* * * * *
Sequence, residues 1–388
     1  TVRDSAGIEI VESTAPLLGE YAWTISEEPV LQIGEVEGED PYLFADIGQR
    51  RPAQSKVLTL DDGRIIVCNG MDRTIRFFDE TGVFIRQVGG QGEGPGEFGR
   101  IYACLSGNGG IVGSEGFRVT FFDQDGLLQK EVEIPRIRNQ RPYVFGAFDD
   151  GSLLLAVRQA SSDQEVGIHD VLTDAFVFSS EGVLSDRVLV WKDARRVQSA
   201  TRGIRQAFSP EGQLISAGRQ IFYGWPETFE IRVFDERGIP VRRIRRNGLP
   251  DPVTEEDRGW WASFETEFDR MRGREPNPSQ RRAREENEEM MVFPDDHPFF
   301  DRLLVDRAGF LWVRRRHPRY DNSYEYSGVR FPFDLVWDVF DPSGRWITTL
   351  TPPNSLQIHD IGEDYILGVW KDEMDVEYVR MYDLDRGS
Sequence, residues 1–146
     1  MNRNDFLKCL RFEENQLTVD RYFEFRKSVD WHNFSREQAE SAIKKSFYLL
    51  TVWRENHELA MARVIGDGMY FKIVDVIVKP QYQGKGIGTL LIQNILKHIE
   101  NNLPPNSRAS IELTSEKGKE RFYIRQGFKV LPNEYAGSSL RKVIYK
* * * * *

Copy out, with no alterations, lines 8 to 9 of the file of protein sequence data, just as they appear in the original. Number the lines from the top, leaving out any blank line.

   301  DRLLVDRAGF LWVRRRHPRY DNSYEYSGVR FPFDLVWDVF DPSGRWITTL
   351  TPPNSLQIHD IGEDYILGVW KDEMDVEYVR MYDLDRGS